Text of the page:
- Research aims to better understand the way in which bail decision-makers, such as police, consider vulnerability when making decisions about bail
- Consideration of an accused’s vulnerabilities are legislated for in the NSW and Victorian Bail Acts, to varying degrees, but are not legislated for in the Tasmanian Bail Act
- The researchers argue that for procedural justice, it is crucial to gauge the importance of police obligation to consider vulnerability at any stage of the policing process, up to bail and prosecution stages
Researchers at Charles Sturt University argue their research into bail decision making might help to improve policing practices and reduce rates of imprisonment in Australia and in international jurisdictions.
Their research, ‘Police and Vulnerability in Bail Decisions’, has recently been published in the International Journal for Crime, Justice and Social Democracy (Vol 10, No. 3, 2021).
Lead author Ms Danielle Hughes conducted the research for her Bachelor of Criminal Justice (Honours) in the Charles Sturt Centre for Law and Justice, and is currently studying a Bachelor of Laws online in the Centre.
She said that since bail legislation was enacted in the 1970s, Australia has experienced a continual increase in the number of prisoners on remand.
“Amendments to bail legislation and police discretion have been shown to contribute to this increase,” Ms Hughes said.
“Further, an accused’s vulnerability affects whether they are granted or denied bail, with vulnerable people being more likely to be denied bail.
“Vulnerability in the criminal justice system refers to factors such as race, age, sex and socioeconomic status.”
The authors observe that many vulnerable people have multiple intersecting vulnerabilities, which further compounds their contact with the justice system.
Their study employed a qualitative content analysis of bail legislation for the Australian states of New South Wales (NSW), Tasmania, and Victoria, along with key correlating second reading speeches.
“The aim was to better understand the way in which bail decision-makers, such as police, consider vulnerability when making decisions about bail,” Ms Hughes said.
“A particular focus was whether and how decision-makers are required by legislation to consider factors relating to vulnerability to ensure that vulnerable people are not remanded unnecessarily and to uphold the principle of imprisonment as a last resort.”
The research found that vulnerabilities are legislated for in the NSW and Victorian Bail Acts but are not legislated for in the Tasmanian Bail Act.
Therefore, only police in NSW and Victoria were required to consider an accused’s vulnerability explicitly under the law.
Although legislation may cater for varying vulnerabilities, intersecting vulnerabilities are not considered.
The vulnerabilities that are required to be considered by police when making bail decisions in NSW and Victoria are Indigeneity, youth, mental impairment and illness, intoxication arising out of alcohol and other drugs, and an accused’s individual circumstances and background.
“The extent to which police need to consider these vulnerabilities differs from NSW to Victoria,” Ms Hughes said.
“In Victoria, vulnerabilities must be taken into account, whereas in NSW, vulnerabilities only need to be considered.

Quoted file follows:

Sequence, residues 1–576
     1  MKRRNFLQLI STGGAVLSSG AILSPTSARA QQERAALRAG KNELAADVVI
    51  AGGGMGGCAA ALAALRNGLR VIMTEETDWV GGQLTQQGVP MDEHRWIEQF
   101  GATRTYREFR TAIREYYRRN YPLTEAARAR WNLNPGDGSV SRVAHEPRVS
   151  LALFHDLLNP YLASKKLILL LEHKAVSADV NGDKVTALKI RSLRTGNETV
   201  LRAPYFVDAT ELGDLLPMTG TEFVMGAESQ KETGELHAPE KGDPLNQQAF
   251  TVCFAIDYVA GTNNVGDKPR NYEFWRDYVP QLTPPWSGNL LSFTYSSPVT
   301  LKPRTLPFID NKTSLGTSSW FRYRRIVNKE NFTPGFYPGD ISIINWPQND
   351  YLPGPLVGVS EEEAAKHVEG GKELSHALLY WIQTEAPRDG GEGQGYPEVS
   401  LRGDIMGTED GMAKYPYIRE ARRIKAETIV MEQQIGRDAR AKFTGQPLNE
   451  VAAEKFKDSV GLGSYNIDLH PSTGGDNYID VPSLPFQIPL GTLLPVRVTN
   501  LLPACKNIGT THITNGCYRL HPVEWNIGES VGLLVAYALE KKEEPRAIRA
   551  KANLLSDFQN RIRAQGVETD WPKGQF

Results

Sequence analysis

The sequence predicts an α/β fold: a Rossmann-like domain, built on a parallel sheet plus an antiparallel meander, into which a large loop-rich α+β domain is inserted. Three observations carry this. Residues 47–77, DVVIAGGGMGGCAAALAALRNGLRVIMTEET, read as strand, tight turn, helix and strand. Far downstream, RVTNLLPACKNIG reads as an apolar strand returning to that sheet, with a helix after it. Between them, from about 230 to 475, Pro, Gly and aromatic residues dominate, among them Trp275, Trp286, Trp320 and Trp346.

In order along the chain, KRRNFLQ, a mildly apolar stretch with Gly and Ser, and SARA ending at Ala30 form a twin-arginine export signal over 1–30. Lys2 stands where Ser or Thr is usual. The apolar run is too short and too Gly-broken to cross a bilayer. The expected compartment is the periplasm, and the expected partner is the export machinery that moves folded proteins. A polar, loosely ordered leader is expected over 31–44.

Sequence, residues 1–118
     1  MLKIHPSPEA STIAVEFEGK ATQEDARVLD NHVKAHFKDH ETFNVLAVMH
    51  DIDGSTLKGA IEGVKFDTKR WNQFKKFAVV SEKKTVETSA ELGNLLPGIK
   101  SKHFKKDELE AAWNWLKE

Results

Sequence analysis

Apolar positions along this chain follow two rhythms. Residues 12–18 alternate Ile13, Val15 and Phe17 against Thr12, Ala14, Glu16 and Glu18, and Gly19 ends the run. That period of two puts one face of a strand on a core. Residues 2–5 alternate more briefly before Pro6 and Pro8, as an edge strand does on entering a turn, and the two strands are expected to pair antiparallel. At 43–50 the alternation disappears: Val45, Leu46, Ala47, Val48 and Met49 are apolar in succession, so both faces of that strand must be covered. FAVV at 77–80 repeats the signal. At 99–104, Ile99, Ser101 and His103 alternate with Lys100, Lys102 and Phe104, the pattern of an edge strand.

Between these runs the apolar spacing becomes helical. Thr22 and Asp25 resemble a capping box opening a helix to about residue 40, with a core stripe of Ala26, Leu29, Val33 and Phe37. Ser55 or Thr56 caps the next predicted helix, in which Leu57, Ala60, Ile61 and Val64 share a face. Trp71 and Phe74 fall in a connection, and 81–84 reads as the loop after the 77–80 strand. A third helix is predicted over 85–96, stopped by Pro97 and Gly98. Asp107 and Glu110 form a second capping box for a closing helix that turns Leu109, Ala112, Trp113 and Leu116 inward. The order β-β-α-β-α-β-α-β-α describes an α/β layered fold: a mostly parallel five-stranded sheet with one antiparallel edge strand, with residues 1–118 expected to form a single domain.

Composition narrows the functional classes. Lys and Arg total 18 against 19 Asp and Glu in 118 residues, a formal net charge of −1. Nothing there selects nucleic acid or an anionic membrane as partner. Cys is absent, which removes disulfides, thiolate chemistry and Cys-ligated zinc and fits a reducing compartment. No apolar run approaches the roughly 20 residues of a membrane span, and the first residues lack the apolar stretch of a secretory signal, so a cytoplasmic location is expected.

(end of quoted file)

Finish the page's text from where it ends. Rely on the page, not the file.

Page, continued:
“Taking the literal meaning of these provisions, it is clear that there is a nuanced difference between the two terms.”
Ms Hughes said there is a stronger emphasis on vulnerabilities in Victoria as the bail decision-maker must acknowledge any vulnerabilities when making a decision on bail, whereas, in NSW, the decision-maker need only turn their mind to the vulnerabilities before making a decision.
“Current legislation does not state to what extent police must consider such vulnerabilities,” she said.
“For the sake of procedural justice, it is crucial to gauge the importance of police obligation to consider vulnerability at any stage of the policing process, up to bail and prosecution stages, and as the gateway to criminal justice, the extent to which police involvement in the bail process is essential in addressing Australia’s rising imprisonment rate.”
Co-author and Charles Sturt Senior Lecturer in Law and Criminology Dr Emma Colvin said understanding requirements to consider vulnerability can assist in reducing imprisonment rates and recidivism, while still balancing the rights of the accused with the interests of the community.
“It is essential that intersecting vulnerabilities are considered by police when making bail decisions to help reduce the number of vulnerable people being remanded or imprisoned,” Dr Colvin said.
“Further research is needed to consider the legislative requirements in other Australian jurisdictions.
“In addition, police practice manuals may provide further extensive instructions and directions as to whether vulnerability should or should not be considered when deciding whether to grant or refuse bail.”
She said this further research is crucial, as it may be able to help improve policing practices and reduce rates of imprisonment, especially ever-increasing remand rates.
“A next step could be to talk to police officers who make bail decisions about their understanding of their obligations to consider vulnerability when making bail decisions,” Dr Colvin said.
“Critically, this study provides a starting point for comparative analysis with other jurisdictions, both those similar in process and those differing (such as the Gladue system in Canada).”